I do this all the time. The specifics with EKS I can’t help with, but I’d imagine the cluster members have a role they use…
Good example doc here:
Nice, thanks for the help @Alex Siegman!
How can I run this:
docker run -d --name sentry-cron -e SENTRY_SECRET_KEY='<secret-key>' --link sentry-postgres:postgres --link sentry-redis:redis sentry run cron at task definition? My concern is about
run cron. Is a command? Something like entrypoint:
run cron as command?
run cron would be a command. it would pass through whatever entrypoint script is defined in the Dockerfile
Thank you! I’ll try
run, cron at command works for me
thanks @Nelson Jeppesen for the added context
Interesting, I thought negative ttl was the last value in the data of the SOA. Are you saying negative ttl is reflected by the SOA ttl directly?
dig [abc.com](http://abc\.com) soa +short [ns-318.awsdns-39.com>. <http://awsdns-hostmaster.amazon.com|awsdns-hostmaster.amazon.com](http://ns\-318\.awsdns\-39\.com). 1 7200 900 1209600 86400
in this example, i thought
86400 was the negative ttl, but thats not the TTL of the SOA itself
unless I’m mixed up
Just looked it up, negative ttl is the lower of either the TTL of the SOA _OR_ the last value,
86400 in the above example
TLDR; lazy me dropped the TTL of the SOA to 60s; thanks!
Hello, what is the main benefit of shortening SOA TTL to 60 secs? I noticed that in your best practices docs.
so in highly elastic environments which are changing or subject to change at any time, a long TTL is a sure fire way to “force” an outage.
perhaps the most important TTL is that of the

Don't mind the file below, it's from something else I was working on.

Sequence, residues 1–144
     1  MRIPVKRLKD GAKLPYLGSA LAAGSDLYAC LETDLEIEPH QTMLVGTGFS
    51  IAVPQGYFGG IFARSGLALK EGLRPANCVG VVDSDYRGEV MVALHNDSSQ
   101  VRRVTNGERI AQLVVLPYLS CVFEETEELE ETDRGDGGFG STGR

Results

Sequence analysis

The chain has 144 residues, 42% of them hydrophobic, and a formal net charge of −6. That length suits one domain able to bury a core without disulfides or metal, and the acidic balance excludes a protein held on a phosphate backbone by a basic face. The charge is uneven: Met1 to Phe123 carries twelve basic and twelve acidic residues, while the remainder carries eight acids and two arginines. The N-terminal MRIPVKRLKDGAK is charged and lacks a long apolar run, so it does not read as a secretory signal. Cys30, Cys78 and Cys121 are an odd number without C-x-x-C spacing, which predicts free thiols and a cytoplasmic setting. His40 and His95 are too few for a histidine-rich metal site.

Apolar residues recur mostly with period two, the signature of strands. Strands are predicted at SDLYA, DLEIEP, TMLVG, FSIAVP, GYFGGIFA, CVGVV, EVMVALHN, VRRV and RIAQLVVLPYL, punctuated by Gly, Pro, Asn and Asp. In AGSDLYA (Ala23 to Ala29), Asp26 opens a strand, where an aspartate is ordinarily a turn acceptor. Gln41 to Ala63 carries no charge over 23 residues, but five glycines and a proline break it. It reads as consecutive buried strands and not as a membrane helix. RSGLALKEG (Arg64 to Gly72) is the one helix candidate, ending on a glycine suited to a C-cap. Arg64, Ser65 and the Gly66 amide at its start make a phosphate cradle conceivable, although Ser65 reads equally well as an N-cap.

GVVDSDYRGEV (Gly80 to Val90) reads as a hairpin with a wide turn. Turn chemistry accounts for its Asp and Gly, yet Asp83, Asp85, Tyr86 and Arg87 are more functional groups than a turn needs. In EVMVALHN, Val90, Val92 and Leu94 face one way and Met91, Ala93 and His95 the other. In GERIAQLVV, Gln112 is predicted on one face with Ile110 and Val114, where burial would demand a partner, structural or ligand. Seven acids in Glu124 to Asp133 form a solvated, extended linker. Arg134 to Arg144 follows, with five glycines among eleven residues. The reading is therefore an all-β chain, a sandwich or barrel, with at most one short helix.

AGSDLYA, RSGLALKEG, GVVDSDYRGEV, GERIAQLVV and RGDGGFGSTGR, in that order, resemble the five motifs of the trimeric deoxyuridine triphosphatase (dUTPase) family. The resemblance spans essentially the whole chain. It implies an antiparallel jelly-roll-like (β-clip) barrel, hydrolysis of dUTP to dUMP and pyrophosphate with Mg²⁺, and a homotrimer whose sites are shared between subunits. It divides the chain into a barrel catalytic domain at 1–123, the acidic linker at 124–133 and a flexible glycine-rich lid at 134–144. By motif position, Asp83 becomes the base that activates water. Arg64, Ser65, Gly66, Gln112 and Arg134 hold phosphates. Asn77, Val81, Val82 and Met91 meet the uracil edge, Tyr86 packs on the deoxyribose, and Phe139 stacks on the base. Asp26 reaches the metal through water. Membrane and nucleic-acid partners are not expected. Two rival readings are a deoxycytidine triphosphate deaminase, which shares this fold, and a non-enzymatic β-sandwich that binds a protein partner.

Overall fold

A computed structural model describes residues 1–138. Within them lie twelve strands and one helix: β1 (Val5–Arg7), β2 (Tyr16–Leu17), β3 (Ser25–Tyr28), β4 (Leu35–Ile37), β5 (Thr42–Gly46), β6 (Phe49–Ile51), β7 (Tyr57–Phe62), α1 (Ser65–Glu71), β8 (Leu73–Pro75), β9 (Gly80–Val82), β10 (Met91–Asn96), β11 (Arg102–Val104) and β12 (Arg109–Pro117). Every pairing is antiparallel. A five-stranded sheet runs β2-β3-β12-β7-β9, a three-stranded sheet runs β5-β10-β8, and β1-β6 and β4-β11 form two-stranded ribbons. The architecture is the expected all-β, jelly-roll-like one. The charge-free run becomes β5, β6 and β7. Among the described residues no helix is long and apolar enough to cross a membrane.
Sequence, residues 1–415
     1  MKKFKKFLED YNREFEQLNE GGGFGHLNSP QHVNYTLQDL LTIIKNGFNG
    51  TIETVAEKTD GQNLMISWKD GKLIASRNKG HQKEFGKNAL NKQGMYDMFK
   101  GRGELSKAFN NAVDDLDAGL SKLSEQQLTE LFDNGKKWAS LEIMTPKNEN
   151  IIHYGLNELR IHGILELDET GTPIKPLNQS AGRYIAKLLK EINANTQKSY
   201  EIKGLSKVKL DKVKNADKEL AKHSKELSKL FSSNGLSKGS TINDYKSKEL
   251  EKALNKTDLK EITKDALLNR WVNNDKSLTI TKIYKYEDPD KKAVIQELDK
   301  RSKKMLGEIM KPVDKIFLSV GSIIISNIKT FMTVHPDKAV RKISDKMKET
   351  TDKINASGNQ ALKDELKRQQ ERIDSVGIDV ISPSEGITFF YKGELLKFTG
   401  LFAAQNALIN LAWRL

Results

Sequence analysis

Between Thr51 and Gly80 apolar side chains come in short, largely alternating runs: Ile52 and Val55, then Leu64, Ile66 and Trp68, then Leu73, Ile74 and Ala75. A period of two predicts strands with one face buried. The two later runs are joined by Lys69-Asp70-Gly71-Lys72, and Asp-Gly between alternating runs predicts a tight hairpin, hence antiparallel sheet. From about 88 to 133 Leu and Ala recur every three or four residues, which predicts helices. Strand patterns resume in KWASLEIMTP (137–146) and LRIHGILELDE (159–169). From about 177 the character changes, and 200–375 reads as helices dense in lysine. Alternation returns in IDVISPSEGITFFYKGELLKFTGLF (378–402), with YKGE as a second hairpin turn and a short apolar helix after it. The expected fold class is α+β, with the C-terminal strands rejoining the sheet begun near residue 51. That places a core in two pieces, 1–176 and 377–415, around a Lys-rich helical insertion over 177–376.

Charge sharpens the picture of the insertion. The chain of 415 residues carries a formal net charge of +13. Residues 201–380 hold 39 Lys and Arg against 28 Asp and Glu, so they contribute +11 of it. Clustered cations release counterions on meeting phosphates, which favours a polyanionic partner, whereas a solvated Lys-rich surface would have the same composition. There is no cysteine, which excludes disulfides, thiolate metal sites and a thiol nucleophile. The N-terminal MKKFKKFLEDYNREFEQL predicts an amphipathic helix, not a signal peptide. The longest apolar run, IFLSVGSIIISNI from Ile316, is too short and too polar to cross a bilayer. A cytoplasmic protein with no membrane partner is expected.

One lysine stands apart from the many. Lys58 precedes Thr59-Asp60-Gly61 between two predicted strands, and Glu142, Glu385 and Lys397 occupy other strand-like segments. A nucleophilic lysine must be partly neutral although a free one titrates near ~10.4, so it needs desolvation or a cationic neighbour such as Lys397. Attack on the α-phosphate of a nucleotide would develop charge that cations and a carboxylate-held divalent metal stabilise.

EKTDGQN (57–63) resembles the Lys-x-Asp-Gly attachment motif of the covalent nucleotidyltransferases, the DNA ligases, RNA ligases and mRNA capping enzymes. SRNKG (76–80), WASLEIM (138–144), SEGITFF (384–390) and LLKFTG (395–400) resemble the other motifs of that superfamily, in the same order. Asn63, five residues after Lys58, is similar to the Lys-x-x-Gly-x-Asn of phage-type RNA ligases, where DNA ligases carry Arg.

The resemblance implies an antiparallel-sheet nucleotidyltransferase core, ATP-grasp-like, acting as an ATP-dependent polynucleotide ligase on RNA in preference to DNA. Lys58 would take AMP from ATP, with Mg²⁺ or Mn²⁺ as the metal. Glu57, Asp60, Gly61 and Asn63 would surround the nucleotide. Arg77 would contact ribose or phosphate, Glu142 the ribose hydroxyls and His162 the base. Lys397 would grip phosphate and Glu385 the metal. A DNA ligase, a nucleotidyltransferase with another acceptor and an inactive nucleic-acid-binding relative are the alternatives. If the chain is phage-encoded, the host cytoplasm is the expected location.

SOA record. by default it’s something like 15m.
SOA (start of authority) works a little bit like a “404” page for DNS (metaphor). when client requests a DNS record for something and nothing is found, the response will be negatively cached for the duration of the SOA.
so if your app looks up a DNS record (e.g. for service discovery) and it’s not found, it will cache that for 15m. Suppose after 1m that service is now online. Your app will still cache that failure for 14m causing a prolonged outage.
a DNS lookup every request will add up, especially in busy apps. a DNS lookup every 60 seconds is a rounding error.
Anyone running AWS Client VPN here? We’re having issues just starting an endpoint even – stuck in Associating/pending state for hours
Thanks for the rec - I do have some pritunl experience and it was way smoother of an experience than AWS Client VPN has been - going to propose that
I’m new to AWS… and I make a lot of mistakes running Terraform, so I end up with errors like:
aws_s3_bucket.build_cache: Error creating S3 bucket: BucketAlreadyOwnedByYou: Your previous request to create the named bucket succeeded and you already own it. status code: 409, request id: 54C0B6BA
is there a switch like
that will back off it already exists.
If the bucket is already in AWS but not in the state file, use terraform import
It seems that I cannot import the resource, but it also says the resource is not created because it already exists.
That guid is not a resource id
It’s a request id from api call
Go to AWS console and find the resource id
If the bucket is in the state file but not in AWS for any reason, use terraform state rm
I think I remember reading about that in…. nowhere ! How very cool.
oh sorry I understand now
yea :slightly_smiling_face: because of
rm -rf *tfstate* you see the error what you see
the fruits of
rm -rf *tfstate*
Anyone had issues with Firehose > ElasticSearch 6.5 ?
the ES cluster returned a JsonParseException. Ensure that the data being put is valid.
nope. we’re at es5 still for our logging.
@Maciek Strömich Are you Firehose > Lambda processor > ES ?
nope. I’m emulating logstash structure in the logs and pass it directly via firehose to es
Is this data from CloudWatch Logs?
nope. we dropped cwl support because it was a pain to send it to es via firehose
hmm, OK thx
we’re not going to contribute back to rsyslog but we created our solution based on https://github.com/rsyslog/rsyslog/blob/master/plugins/external/solr/rsyslog_solr.py, but instead working directly with es we push everything to firehose using boto3 with the same structure as our app logs. way cheaper compared to cwl as well.
a Rocket-fast SYStem for LOG processing. Contribute to rsyslog/rsyslog development by creating an account on GitHub.
anyone ever turn on aws s3 transfer acceleration?